1. Thanks for reblogging this. Like you said, I wish everyone would read this. Not because of ego or because I give a crap about my blog – but because I think it’s a very important issue that isn’t talked about and isn’t well known or understood.

    Liked by 1 person


    Hi E, I’m glad you found my little part of the blogging universe. Thanks for commenting (and reblogging).
    I feel this is a topic that is woefully ignored. Mental health has a lot of stigma at the best of times, and when you DO hear about it it’s often presented in a really bad light (someone hits the news for some terrible action, and immediately mental health is cited). Or it’s talked about in terms of how it makes people sad or withdrawn.
    But I really don’t hear much about what it does to peoples relationships (beyond adding stress to them). Relationships are equated to love, and love is equated to feelings. But mental illness often affects the pleasure and reward parts of the brain, so it can really mess with peoples ability to “feel”. So when the feelings are gone, what does that mean for love?
    I truly believe that many relationships are lost unnecessarily because people feel a loss of love and believe it’s reflective of something wrong with the relationship, while in reality the problem is due to someones ability to feel.
    The Folk-Williams article I cited is something I have seen a few times:
    Someone is questioning their relationship because they no longer feel anything for their partner. Then they meet someone else, and they find they CAN still feel something for this other person. The fact that they are having feelings for another person (but not their parter) acts to confirm to them their belief that “something is wrong” with their relationship, so they either end it or have an affair or just check out of the relationship completely.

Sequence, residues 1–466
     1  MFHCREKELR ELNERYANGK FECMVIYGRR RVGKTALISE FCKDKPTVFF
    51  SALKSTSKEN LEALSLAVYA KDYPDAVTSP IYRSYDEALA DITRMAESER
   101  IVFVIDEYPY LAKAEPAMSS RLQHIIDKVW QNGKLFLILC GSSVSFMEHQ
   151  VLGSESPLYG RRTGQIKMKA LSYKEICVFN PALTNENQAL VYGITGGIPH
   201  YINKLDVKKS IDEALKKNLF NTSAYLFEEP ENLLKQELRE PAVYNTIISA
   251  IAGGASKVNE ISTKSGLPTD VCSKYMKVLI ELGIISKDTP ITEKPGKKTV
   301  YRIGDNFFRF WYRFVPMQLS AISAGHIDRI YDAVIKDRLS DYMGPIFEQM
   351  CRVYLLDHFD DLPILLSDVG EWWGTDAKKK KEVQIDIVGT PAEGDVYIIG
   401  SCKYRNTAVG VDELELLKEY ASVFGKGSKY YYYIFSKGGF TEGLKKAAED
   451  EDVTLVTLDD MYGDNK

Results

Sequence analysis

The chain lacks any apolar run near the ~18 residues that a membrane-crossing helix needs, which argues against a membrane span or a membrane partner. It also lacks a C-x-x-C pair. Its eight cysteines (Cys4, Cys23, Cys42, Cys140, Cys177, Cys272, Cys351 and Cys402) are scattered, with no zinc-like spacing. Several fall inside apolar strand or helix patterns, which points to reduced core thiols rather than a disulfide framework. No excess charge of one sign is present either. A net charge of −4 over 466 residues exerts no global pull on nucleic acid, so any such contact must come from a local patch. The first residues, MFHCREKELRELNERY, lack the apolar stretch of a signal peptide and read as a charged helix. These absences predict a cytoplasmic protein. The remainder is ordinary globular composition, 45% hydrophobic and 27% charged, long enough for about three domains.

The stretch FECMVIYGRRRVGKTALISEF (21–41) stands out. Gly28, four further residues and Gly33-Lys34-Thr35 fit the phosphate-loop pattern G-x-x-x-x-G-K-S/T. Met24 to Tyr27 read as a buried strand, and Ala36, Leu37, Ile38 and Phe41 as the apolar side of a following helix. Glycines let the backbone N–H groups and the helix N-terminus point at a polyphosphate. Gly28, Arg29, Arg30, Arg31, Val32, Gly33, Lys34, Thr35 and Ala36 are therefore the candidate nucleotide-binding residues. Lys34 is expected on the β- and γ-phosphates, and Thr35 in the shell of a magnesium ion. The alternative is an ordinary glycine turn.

Meanwhile, the only reason they are feeling anything with the other person is because it’s a more intense emotional response due to the “new” love.
    I’ve got a buddy I’ve cited in this blog a few times who’s wife left him (and broke up the family) for someone new, and it completely blind-sided him. He thought things were pretty good and had no idea that there were any issues. Within 2 years she was having all the same problems with her new boyfriend, and was wanting to get back with my buddy. But he had moved on with his life.